WEATHER BLOG: WHAT KIND OF CLOUD WAS THAT?!

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CORPUS CHRISTI, Texas — On the evening of September 17th, many of you saw this cloud, north of Corpus Christi, near Copano Bay.  This was a thunderstorm wrapping around the extreme south side of the counter-clockwise spin of Tropical Depression Imelda.  This is how it looked on radar; pretty small and innocent looking.

Radar Imagery

Radar imagery of an isolated thunderstorm, 7:54pm – September 17

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The pictures we received yesterday were viewing the storm from the vantage point of Corpus Christi and it was a sight to see.  In the photos, you can see a tall column of clouds stretching into the upper levels of the atmosphere.  This is called a cumulus tower.  Because it was producing rain and lightning, it’s called a towering cumulonimbus cloud.  The air associated with this structure was rising to the upper parts of the atmosphere.  The highest part of the troposphere (layer in atmosphere all weather takes place in) is called the tropopause – where the troposphere and stratosphere meet.  When air hits this area, it cannot rise any farther and is forced to ‘spread out’.  This is sometimes called the equilibrium level.  This spreading of air can give the appearance of an anvil on top of the cloud structure.  Many people commented that it looked like a bomb or mushroom top.  The rising air/tropopause interaction is why.  This structure may have been a little more pronounced yesterday because of the lack of fast upper level winds.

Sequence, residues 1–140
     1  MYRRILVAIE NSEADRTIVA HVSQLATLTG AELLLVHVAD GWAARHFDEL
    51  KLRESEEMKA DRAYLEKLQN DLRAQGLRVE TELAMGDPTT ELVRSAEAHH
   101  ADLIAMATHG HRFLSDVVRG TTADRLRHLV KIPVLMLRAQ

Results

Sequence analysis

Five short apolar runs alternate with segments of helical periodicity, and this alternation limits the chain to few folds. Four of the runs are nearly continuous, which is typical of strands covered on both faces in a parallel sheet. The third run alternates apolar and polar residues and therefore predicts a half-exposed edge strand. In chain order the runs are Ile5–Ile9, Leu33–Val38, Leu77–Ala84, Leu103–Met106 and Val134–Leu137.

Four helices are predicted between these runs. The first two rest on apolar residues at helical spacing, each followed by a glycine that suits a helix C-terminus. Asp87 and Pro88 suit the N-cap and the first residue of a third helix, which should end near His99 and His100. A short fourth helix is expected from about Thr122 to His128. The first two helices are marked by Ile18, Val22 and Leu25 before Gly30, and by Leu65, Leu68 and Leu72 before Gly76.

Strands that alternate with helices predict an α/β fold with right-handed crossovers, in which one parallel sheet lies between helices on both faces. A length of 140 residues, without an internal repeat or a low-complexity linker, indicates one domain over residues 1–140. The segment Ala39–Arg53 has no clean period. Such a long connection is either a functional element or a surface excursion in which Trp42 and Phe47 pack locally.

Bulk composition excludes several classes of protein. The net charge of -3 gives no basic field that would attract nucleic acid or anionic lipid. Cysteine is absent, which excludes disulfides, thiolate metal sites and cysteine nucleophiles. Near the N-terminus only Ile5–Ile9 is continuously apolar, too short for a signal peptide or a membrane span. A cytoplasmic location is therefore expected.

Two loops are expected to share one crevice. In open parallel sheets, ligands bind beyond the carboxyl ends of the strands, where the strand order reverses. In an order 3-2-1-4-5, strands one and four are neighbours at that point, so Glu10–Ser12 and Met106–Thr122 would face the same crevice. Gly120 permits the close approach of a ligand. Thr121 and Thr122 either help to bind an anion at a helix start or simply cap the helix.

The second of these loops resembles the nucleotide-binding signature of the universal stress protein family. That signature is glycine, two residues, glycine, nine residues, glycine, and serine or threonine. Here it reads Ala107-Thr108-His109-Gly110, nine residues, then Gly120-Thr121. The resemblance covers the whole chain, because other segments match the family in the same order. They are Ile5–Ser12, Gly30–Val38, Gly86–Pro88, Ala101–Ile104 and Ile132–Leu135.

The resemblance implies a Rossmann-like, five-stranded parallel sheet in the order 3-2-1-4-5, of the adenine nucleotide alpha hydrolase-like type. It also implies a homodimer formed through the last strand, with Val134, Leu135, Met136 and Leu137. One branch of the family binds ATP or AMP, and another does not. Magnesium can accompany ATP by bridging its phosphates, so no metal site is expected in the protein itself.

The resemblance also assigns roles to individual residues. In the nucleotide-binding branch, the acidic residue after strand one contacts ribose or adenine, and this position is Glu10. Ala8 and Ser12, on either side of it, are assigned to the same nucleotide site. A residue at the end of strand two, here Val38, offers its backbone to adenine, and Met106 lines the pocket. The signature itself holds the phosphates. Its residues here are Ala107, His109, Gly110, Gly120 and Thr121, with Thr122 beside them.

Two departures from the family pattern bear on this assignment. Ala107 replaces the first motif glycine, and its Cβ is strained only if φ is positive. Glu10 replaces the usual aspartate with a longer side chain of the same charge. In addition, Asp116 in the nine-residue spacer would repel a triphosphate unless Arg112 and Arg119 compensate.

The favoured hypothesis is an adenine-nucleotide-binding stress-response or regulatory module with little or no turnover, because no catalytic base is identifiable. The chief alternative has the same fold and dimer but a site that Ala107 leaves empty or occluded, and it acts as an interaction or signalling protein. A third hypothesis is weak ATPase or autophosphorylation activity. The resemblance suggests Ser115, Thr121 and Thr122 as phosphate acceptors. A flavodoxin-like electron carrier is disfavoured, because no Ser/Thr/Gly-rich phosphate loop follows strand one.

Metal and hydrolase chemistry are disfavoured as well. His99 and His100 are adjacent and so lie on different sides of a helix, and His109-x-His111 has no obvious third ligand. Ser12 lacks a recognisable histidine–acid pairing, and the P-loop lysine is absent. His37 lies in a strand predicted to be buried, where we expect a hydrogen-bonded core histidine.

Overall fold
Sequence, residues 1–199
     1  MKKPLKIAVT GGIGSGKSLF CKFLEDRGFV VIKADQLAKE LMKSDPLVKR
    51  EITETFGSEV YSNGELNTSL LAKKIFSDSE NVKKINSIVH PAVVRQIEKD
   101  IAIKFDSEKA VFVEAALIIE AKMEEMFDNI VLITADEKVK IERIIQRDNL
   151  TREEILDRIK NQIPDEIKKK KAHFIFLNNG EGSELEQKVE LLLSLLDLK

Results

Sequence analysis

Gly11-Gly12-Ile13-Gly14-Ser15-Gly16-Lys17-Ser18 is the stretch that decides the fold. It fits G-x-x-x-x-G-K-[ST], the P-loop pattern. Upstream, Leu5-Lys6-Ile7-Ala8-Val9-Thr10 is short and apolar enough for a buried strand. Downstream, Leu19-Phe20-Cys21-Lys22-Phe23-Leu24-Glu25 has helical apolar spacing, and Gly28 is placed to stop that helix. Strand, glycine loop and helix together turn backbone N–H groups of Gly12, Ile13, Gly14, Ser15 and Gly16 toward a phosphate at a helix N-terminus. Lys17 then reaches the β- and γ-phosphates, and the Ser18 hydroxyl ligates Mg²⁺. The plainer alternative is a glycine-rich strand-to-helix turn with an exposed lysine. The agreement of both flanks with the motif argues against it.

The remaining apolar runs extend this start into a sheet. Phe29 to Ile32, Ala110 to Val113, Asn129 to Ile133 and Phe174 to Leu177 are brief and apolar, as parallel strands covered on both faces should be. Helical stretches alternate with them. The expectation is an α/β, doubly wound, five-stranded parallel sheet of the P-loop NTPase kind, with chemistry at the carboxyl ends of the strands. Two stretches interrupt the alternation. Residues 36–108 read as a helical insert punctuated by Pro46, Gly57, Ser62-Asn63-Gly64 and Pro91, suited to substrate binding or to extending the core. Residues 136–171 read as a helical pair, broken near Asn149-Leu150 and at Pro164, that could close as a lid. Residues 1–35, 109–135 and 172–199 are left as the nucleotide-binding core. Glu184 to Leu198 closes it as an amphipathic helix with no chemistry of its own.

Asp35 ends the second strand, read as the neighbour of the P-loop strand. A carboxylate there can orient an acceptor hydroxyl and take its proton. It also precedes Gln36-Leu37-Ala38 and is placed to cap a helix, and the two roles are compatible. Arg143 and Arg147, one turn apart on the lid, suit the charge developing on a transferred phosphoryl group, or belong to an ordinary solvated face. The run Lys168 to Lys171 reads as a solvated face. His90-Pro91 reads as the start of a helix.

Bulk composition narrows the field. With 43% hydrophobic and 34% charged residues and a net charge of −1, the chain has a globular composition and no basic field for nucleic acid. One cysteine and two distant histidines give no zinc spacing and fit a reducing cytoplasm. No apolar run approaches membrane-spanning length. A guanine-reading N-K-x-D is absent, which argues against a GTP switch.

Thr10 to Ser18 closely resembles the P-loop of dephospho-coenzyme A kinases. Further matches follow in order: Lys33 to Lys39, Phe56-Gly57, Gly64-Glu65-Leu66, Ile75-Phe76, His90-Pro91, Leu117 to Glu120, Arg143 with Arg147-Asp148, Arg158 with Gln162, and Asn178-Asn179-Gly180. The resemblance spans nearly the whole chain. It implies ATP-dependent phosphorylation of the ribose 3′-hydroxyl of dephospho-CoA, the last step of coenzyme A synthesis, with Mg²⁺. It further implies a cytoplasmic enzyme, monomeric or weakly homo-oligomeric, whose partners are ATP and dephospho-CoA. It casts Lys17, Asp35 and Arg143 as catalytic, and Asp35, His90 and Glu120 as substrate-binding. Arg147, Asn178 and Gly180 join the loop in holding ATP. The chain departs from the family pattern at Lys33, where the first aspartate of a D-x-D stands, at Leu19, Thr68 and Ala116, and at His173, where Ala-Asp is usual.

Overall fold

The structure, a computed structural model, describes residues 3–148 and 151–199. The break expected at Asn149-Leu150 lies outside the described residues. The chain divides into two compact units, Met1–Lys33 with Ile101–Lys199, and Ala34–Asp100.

Towering Cumulonimbus

Courtesy Mary Leal

Courtesy Mary Leal

Cumulonimbus Cloud

Courtesy Ashley Duggar

Courtesy Ashley Duggar

2019-09-18 13:20:00

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